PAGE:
Energy well spent fighting the diabetes epidemic
Article first published online: 18 JUL 2005
Copyright © 2005 John Wiley & Sons, Ltd.
Diabetes/Metabolism Research and Reviews
Volume 22, Issue 1, pages 11–19, January/February 2006
How to Cite
Stannard, S. R. and Johnson, N. A. (2006), Energy well spent fighting the diabetes epidemic. Diabetes Metab. Res. Rev., 22: 11–19. doi: 10.1002/dmrr.574
- Issue published online: 17 DEC 2005
- Article first published online: 18 JUL 2005
- Manuscript Accepted: 24 MAY 2005
- Manuscript Revised: 19 JAN 2005
- Manuscript Received: 4 SEP 2004
- skeletal muscle;
- insulin resistance;
- intramyocellular triglyceride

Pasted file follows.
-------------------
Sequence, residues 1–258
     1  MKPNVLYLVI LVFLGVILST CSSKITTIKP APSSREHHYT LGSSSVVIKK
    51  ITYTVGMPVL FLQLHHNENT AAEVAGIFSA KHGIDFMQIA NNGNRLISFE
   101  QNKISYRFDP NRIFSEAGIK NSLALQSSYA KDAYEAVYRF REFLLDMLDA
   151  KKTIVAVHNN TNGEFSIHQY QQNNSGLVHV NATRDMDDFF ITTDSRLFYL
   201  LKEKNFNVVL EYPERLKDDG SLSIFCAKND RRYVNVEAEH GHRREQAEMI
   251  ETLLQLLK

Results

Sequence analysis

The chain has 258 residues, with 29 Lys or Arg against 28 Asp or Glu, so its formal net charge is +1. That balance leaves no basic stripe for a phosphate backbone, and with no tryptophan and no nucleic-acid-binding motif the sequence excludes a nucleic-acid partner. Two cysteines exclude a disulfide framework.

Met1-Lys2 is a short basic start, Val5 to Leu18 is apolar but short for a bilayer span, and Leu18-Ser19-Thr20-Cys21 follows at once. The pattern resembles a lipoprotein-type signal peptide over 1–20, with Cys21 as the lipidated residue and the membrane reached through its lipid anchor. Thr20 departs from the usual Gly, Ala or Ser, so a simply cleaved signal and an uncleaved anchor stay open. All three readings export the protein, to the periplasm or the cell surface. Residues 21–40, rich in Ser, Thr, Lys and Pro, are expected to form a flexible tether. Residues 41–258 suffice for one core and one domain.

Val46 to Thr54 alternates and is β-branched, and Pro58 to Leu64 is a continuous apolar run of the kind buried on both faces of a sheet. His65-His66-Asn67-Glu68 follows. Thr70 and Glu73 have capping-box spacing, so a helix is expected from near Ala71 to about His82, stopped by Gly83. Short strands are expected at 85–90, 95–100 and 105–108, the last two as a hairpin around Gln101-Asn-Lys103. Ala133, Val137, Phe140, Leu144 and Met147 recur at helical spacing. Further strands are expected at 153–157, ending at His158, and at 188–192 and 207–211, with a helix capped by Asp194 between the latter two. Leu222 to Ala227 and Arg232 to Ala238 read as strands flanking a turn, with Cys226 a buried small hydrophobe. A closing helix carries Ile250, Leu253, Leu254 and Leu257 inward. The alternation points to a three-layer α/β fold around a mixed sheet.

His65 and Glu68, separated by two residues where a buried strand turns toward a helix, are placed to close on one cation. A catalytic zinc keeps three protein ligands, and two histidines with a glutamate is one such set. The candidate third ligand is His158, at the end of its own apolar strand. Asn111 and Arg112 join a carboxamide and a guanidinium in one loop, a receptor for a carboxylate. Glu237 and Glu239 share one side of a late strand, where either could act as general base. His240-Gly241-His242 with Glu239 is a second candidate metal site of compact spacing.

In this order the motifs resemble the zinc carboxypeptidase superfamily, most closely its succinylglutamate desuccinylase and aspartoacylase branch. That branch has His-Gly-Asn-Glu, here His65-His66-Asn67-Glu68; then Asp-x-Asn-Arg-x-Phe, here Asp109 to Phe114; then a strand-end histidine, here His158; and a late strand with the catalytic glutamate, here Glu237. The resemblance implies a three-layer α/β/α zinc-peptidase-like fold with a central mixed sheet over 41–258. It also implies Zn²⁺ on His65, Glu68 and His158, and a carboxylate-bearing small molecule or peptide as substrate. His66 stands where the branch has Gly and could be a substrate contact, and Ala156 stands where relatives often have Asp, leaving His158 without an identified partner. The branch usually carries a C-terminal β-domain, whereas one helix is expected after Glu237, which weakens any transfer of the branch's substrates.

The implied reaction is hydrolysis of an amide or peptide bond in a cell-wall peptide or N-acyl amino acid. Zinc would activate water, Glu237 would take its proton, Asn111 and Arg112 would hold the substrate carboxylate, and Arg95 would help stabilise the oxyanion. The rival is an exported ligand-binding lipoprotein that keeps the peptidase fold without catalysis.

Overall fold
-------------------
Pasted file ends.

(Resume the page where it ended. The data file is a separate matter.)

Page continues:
As the global burden of type 2 diabetes increases, medical science races to comprehensively understand its molecular aetiology. We suggest that the apparent struggle to seek a pharmacological or molecular victory to the diabetes epidemic is a flawed strategy given that evolution has already provided us with the best medicine. Recent molecular evidence highlights the interaction between muscle fatty acid kinetics in dictating whole body insulin action. Insights from an evolutionary perspective suggest that the ability of the body to evoke insulin resistance and store energy as fat within muscle cells is a normal physiological response to aid our survival during food or carbohydrate scarcity, but this ‘hunter–gatherer physiology’ predisposes to diabetes in a modern environment characterized by ample food availability and muscle inactivity. We contend that the true value of physical activity in the prevention and treatment of insulin resistance has been missed by the medical community because scientific investigation has been constructed upon physical activity recommendations that were never intended for this purpose. These recommendations provide a level of metabolic stress insufficient to be compatible with the expectations of our genes. Copyright © 2005 John Wiley & Sons, Ltd.